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Police raid 9-year-old's home, take laptop adorned with Winnie the Pooh

Finnish police raid house of 9-year-old who was suspected of illegally sharing files

By Trace Hagan from Nov 22, 2012 @ 16:15 CST

What kind of world do we live in where police raid a house and take a 9-year-old's laptop that is adorned with Winnie the Pooh stickers? Well, apparently Finnish police feel this is an acceptable thing to do. According to TorrentFreak, police showed up at the girl's house after her dad didn't pay a fine.


CIAPC, an anti-piracy company, managed to get Finnish ISPs to block The Pirate Bay. They started tracking BitTorrent users and, in particular, this one little girl. They sent a letter, which was received by the father and owner of the internet connection, demanding a cash settlement without any sort of trial.

The father, of course, refused to pay. This prompted police to raid the home of the 9-year-old suspect and confiscate her laptop, which was decorated with Winne the Pooh stickers, mind you. "It would have been easier for all concerned if you had paid the compensation," the police advised.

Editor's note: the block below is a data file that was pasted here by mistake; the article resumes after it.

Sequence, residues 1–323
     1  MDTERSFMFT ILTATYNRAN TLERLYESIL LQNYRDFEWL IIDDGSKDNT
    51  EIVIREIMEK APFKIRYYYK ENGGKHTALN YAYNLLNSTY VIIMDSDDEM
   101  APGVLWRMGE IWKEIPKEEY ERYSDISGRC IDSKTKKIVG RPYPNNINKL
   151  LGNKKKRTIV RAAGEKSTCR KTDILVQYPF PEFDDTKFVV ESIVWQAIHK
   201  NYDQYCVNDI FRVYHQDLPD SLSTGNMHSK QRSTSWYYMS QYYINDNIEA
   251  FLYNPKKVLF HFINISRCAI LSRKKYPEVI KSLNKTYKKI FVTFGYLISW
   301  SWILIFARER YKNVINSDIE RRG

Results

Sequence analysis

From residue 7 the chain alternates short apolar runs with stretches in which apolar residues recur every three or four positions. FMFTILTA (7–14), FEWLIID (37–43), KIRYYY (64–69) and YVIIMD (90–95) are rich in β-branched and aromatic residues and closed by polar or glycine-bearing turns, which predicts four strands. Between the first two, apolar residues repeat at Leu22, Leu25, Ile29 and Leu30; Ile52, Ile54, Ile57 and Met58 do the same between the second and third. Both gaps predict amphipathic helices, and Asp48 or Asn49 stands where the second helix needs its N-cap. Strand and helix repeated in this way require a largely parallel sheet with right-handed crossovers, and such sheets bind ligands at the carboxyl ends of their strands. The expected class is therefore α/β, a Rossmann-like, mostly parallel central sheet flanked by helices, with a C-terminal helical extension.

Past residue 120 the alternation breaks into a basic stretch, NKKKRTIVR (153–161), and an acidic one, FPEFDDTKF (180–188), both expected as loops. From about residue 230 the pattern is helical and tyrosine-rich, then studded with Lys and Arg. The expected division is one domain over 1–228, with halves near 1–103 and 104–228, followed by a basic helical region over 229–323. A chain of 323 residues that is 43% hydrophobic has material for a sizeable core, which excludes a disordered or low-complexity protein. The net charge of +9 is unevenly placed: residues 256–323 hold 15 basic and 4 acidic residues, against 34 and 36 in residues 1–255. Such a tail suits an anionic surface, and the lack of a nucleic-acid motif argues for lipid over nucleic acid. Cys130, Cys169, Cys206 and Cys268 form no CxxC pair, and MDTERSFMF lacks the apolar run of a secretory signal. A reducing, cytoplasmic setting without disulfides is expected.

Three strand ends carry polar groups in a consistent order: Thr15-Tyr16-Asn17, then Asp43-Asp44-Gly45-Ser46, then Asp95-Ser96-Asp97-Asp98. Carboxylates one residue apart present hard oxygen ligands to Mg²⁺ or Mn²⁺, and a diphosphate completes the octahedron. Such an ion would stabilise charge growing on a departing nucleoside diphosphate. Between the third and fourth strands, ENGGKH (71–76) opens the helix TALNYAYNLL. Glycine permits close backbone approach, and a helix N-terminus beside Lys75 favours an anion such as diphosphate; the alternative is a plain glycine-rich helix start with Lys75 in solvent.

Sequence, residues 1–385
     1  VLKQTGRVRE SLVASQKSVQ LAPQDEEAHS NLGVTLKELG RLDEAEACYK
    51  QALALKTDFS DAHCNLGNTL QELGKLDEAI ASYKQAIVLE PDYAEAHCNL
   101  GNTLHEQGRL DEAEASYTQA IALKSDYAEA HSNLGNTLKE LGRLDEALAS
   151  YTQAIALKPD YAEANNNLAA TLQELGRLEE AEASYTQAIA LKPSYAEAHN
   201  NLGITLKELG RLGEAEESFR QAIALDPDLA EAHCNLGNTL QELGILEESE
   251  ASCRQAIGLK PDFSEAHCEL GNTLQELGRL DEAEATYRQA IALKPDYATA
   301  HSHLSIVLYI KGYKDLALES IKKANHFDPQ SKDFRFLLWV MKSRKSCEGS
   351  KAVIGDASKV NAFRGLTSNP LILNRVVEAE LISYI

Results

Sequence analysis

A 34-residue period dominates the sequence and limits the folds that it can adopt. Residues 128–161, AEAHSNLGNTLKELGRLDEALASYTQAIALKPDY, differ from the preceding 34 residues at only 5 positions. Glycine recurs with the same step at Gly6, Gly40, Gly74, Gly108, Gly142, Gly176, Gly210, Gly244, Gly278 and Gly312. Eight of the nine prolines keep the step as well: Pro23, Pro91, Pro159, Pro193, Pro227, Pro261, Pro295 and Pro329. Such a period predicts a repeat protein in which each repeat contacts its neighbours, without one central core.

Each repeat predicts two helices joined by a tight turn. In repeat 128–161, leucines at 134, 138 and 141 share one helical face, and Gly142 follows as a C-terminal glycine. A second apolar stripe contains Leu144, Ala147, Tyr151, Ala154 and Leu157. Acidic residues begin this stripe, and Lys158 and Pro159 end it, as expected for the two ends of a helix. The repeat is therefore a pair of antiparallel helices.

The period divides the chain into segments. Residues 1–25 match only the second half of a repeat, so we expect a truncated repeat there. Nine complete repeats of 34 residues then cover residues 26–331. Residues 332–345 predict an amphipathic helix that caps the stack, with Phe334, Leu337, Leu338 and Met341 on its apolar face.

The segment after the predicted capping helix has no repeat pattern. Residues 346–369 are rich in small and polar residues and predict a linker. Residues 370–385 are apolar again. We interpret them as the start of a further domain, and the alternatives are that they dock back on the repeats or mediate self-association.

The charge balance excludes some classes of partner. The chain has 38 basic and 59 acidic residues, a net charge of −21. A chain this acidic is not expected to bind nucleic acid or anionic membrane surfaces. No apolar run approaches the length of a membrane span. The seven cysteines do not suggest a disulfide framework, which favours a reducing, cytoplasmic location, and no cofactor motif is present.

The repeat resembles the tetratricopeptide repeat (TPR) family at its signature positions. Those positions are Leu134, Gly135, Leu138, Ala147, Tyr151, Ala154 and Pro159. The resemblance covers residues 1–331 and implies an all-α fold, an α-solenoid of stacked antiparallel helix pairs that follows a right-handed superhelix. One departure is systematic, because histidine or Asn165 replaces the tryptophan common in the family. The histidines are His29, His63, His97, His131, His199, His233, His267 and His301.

"I got the feeling that there had been people from the MAFIA demanding money at the door," the girl's father explained.

"At that point my jaw hit the floor and I wasn't sure if I was awake or dreaming. So the investigator suggested, between the lines, that I empty my wallet and keep my family in hunger for the next two weeks so that they could get rid of the case? What the this how it goes? I could evade justice murder by skipping Christmas this year?"

"We have not done anything wrong with my daughter. If adults do not always know how to use a computer and the web, how can you assume that children or the elderly - or a 9-year-old girl - knows what they are doing at any given time online?

"This is the pinnacle of absurdity. I can see artists are in a position, but this requires education and information, not resource-consuming lawsuits," he added.

This could soon be America. I'm not going to sit here and preach about pirating, because it is wrong. But this type of mafia settlement and such is just wrong. With the new piracy policies going into effect in the US with major ISPs, we're only a couple of steps off of this type of treatment.


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